I worked my big articulated patterns and snaky sculpins on a long leader and intermediate line, while Garner fished a Sex Dungeon in full Galloup style with a short leader and sinking line. Dan tossed his beautiful classic Maine style streamers. All of us caught fish, but none of us caught the fish we wanted.

I’m not complaining

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It’s All In The Wrist

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Watch the Video!

If you’re confused about how to use your wrist for a better fly cast, you’re not alone.

Plenty of anglers have been told not to use their wrist when they cast. The truth is, you cant make a good cast without using your wrist. It’s all in how you use the wrist and when. Knowing how to apply power successfully, using your wrist, will take your casting to a whole new level.


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Take Advantage of Your Vise!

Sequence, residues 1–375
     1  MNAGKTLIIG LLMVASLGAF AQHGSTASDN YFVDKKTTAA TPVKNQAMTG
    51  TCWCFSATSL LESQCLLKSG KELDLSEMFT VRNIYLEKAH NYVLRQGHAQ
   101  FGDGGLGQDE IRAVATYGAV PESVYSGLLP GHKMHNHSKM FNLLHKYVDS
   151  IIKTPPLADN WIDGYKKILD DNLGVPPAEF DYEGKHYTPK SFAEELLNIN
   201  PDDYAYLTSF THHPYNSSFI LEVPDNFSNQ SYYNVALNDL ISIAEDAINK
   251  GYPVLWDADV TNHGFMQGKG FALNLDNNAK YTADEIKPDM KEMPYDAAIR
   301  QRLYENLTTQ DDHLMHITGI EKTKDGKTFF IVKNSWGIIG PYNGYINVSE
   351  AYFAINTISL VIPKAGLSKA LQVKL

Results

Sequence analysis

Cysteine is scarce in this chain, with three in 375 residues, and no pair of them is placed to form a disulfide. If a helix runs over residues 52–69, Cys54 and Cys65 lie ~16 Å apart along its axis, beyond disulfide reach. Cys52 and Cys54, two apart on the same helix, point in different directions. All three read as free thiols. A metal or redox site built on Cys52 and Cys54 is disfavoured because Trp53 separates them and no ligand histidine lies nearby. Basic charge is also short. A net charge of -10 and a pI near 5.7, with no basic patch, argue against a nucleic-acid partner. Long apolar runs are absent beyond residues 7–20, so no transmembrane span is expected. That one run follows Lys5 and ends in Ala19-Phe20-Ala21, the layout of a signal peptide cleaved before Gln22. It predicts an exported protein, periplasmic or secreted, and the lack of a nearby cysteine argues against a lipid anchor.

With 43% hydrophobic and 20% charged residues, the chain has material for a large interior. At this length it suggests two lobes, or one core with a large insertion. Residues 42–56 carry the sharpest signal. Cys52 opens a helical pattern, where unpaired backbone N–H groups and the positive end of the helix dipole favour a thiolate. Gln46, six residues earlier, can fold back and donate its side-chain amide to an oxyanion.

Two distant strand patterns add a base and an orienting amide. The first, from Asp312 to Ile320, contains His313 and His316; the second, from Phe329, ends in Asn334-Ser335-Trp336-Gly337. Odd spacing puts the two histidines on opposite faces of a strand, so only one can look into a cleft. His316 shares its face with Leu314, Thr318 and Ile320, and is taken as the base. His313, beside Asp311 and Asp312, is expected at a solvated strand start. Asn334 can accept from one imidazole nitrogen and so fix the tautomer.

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By Justin Pickett

Being a consistent fly tying machine can sometimes be challenging.

Especially if you plan to tie in the interest of making some extra spending cash, you need to stay consistent and efficient. When it comes to consistency, you’ve got to be able to stick to your recipes day in and day out, and not wander off due to complacency, or from just not having a golden standard to tie from. One of the things that I have done over the years that has helped me tie consistent flies is to simply use my vise. Our vises are more than just hook holding apparatuses. They hold materials, flies, tools, lights, but something else they do (an unadvertised feature) can be even more beneficial while sitting at the tying desk.

Aside from providing the platform from which we tie flies, a vise can also provide measurements and points of reference.

When I tie, I always place the hook in the vise the same way, whether it is a 2/0 or a #20. When I lay the hook in the vise I make sure to have the tip of the barb just barely inside the very tip of the vise jaw. For barbless hooks, I place the hook point even with the tip of the jaw, completely covering the bottom bend of the hook. This gives me a consistent starting point before I lay the first wraps of thread. When it comes to tails, wings, legs, foul guards, weed guards and just about any other material that needs to be measured or trimmed, I have numerous angles, screws, and joints along the vise that I can use as landmarks to ensure that I have the correct length, or that I’m placing a material in the right place.

These are all things that you’ll